Ancient Monuments

History on the Ground

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Cross dyke on Steep Down, 600m north east of Titch Hill Farm

A Scheduled Monument in Sompting, West Sussex

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Latitude: 50.8496 / 50°50'58"N

Longitude: -0.3413 / 0°20'28"W

OS Eastings: 516864.646383

OS Northings: 106874.828745

OS Grid: TQ168068

Mapcode National: GBR HM4.QJV

Mapcode Global: FRA B65V.GW0

Entry Name: Cross dyke on Steep Down, 600m north east of Titch Hill Farm

Scheduled Date: 21 January 1999

Source: Historic England

Source ID: 1018565

English Heritage Legacy ID: 31214

County: West Sussex

Civil Parish: Sompting

Built-Up Area: Shoreham-by-Sea

Traditional County: Sussex

Lieutenancy Area (Ceremonial County): West Sussex

Church of England Parish: Sompting St Mary the Virgin

Church of England Diocese: Chichester


The monument includes the south western part of a cross dyke constructed
across a chalk spur which projects to the south east from a hill which forms
part of the Sussex Downs. The monument is one of a pair of cross dykes on
Steep Down; the other is situated around 700m to the north and is the subject
of a separate scheduling.
The roughly south west-north east aligned, gently curving cross dyke survives
as an approximately 346m long ditch up to about 6m wide and 1m deep, flanked
to the south east by a bank up to about 5m wide and 0.7m high. Towards the
north eastern end of the monument, a short section of the earthworks has been
disturbed by a track which crosses the dyke at an angle, and the south eastern
edge of the earthwork has been disturbed by past modern ploughing.
The cross dyke continues across the spur to the north east, but this section
has been heavily disturbed by past modern landfill operations and is therefore
not included in the scheduling.

The site of the monument is shown on the attached map extract.
It includes a 2 metre boundary around the archaeological features,
considered to be essential for the monument's support and preservation.

Source: Historic England

Reasons for Scheduling

Cross dykes are substantial linear earthworks typically between 0.2km and 1km
long and comprising one or more ditches arranged beside and parallel to one or
more banks. They generally occur in upland situations, running across ridges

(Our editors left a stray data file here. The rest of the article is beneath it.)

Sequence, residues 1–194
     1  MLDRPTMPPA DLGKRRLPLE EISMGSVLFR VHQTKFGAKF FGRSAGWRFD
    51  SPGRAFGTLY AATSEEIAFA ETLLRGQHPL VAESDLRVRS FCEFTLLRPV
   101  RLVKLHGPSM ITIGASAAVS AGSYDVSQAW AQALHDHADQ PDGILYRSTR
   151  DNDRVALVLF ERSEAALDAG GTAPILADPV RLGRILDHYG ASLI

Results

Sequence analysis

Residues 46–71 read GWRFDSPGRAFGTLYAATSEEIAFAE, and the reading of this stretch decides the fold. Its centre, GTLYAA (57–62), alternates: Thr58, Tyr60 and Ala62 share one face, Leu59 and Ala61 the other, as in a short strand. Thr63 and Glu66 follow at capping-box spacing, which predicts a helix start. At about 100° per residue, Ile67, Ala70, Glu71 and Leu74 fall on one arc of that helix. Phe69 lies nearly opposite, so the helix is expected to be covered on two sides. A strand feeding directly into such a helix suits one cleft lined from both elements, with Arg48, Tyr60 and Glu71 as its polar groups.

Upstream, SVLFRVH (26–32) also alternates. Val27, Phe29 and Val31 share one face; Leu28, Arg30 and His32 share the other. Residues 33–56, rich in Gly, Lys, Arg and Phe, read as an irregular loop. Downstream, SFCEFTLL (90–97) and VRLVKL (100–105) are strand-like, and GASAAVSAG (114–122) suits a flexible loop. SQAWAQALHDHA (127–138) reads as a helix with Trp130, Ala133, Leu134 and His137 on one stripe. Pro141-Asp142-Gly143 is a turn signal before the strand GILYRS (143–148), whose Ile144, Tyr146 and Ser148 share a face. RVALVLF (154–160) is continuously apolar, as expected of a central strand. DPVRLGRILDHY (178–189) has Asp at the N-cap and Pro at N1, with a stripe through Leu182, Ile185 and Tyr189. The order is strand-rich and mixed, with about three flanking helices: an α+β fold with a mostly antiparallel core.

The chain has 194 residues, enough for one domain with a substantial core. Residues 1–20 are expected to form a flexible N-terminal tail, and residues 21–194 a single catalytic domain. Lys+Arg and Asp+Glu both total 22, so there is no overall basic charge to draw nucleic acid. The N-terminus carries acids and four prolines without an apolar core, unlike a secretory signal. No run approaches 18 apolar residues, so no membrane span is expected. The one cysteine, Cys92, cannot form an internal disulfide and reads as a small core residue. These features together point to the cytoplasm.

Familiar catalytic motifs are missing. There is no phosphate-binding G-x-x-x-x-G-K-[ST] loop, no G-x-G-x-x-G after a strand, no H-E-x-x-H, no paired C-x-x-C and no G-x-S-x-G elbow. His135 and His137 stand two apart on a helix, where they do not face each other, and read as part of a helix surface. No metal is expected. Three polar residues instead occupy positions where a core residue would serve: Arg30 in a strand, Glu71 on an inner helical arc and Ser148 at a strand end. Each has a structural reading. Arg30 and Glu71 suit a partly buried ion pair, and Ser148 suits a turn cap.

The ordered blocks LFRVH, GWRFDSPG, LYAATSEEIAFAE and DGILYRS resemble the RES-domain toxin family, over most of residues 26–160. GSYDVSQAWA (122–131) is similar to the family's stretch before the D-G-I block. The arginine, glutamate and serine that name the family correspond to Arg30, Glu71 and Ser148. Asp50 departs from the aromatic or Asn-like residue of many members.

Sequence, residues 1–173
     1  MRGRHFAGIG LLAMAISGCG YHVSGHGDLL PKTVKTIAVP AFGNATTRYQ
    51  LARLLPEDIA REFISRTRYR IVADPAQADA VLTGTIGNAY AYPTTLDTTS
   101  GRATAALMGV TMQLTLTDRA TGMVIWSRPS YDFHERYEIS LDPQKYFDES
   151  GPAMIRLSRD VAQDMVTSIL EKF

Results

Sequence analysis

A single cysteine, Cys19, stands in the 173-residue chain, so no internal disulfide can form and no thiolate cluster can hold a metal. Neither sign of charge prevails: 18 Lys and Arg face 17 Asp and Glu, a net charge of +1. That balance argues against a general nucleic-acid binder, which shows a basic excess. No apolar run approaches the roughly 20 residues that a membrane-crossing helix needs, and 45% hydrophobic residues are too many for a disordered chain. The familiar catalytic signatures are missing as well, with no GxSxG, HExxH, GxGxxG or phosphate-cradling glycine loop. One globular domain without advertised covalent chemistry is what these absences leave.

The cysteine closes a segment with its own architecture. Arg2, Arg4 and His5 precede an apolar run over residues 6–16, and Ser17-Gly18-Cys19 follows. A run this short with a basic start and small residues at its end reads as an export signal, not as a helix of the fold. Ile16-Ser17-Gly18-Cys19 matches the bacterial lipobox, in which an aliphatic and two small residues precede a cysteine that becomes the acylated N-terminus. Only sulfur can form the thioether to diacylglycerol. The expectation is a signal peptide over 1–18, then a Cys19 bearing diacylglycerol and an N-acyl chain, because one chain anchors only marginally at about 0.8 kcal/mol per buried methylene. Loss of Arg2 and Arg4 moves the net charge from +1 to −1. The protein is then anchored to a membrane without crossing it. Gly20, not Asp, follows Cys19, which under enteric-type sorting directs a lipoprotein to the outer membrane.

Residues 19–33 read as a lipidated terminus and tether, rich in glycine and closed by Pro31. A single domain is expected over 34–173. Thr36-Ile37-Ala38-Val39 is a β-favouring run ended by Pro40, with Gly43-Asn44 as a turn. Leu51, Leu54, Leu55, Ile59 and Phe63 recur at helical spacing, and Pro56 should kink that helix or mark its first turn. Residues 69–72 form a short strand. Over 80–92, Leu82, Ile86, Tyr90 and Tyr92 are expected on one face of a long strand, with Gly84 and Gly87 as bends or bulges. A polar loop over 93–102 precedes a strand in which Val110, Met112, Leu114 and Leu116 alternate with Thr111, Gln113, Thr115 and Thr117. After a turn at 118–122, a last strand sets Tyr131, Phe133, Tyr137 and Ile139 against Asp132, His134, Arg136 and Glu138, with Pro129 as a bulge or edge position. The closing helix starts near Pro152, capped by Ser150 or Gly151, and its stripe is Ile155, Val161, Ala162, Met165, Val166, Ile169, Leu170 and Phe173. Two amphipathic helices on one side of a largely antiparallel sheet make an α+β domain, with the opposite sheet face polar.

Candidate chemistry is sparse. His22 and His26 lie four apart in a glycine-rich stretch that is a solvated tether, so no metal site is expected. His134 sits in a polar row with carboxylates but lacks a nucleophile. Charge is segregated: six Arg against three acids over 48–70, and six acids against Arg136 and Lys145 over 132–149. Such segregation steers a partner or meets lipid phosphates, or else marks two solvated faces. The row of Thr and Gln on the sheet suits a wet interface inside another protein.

and spurs. They are recognised as earthworks or as cropmarks on aerial
photographs, or as combinations of both. The evidence of excavation and
analogy with associated monuments demonstrates that their construction spans
the millennium from the Middle Bronze Age, although they may have been re-used
later. Current information favours the view that they were used as territorial
boundary markers, probably demarcating land allotment within communities,
although they may also have been used as trackways, cattle droveways or
defensive earthworks. Cross dykes are one of the few monument types which
illustrate how land was divided up in the prehistoric period. They are of
considerable importance for any analysis of settlement and land use in the
Bronze Age. Very few have survived to the present day and hence all well-
preserved examples are considered to be of national importance.

The cross dyke on Steep Down, 600m north east of Titch Hill Farm survives
comparatively well, despite some later disturbance, and will contain
archaeological and environmental evidence relating to the original function of
the monument and its construction. This cross dyke together with the one 700m
to the north and other broadly contemporary monuments in this area of
downland, provide important information about the use of the landscape for
settlement, burial and agriculture during the later prehistoric period.

Source: Historic England


Books and journals
Frere, S, 'Sussex Archaeological Collections' in A Survey of Archaeology near Lancing, , Vol. 81, (1940), 150-158

Source: Historic England

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